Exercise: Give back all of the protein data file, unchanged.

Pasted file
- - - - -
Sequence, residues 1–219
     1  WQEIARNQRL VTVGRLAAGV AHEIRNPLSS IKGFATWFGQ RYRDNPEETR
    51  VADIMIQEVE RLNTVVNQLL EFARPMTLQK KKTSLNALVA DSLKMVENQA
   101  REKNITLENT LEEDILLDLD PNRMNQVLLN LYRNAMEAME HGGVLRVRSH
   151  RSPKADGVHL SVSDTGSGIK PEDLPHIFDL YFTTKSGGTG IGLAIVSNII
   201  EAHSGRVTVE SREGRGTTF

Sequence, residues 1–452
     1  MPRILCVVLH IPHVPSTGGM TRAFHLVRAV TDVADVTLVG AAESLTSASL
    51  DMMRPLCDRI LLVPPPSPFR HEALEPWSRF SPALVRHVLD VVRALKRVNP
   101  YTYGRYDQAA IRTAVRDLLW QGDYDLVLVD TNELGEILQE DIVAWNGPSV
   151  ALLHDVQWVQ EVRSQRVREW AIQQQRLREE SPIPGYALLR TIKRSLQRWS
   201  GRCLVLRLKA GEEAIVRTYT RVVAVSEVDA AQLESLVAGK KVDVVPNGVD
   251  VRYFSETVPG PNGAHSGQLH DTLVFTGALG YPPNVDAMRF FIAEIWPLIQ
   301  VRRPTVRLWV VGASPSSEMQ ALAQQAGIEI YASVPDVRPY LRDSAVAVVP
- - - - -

Sequence, residues 1–219
     1  WQEIARNQRL VTVGRLAAGV AHEIRNPLSS IKGFATWFGQ RYRDNPEETR
    51  VADIMIQEVE RLNTVVNQLL EFARPMTLQK KKTSLNALVA DSLKMVENQA
   101  REKNITLENT LEEDILLDLD PNRMNQVLLN LYRNAMEAME HGGVLRVRSH
   151  RSPKADGVHL SVSDTGSGIK PEDLPHIFDL YFTTKSGGTG IGLAIVSNII
   201  EAHSGRVTVE SREGRGTTF

Sequence, residues 1–452
     1  MPRILCVVLH IPHVPSTGGM TRAFHLVRAV TDVADVTLVG AAESLTSASL
    51  DMMRPLCDRI LLVPPPSPFR HEALEPWSRF SPALVRHVLD VVRALKRVNP
   101  YTYGRYDQAA IRTAVRDLLW QGDYDLVLVD TNELGEILQE DIVAWNGPSV
   151  ALLHDVQWVQ EVRSQRVREW AIQQQRLREE SPIPGYALLR TIKRSLQRWS
   201  GRCLVLRLKA GEEAIVRTYT RVVAVSEVDA AQLESLVAGK KVDVVPNGVD
   251  VRYFSETVPG PNGAHSGQLH DTLVFTGALG YPPNVDAMRF FIAEIWPLIQ
   301  VRRPTVRLWV VGASPSSEMQ ALAQQAGIEI YASVPDVRPY LRDSAVAVVP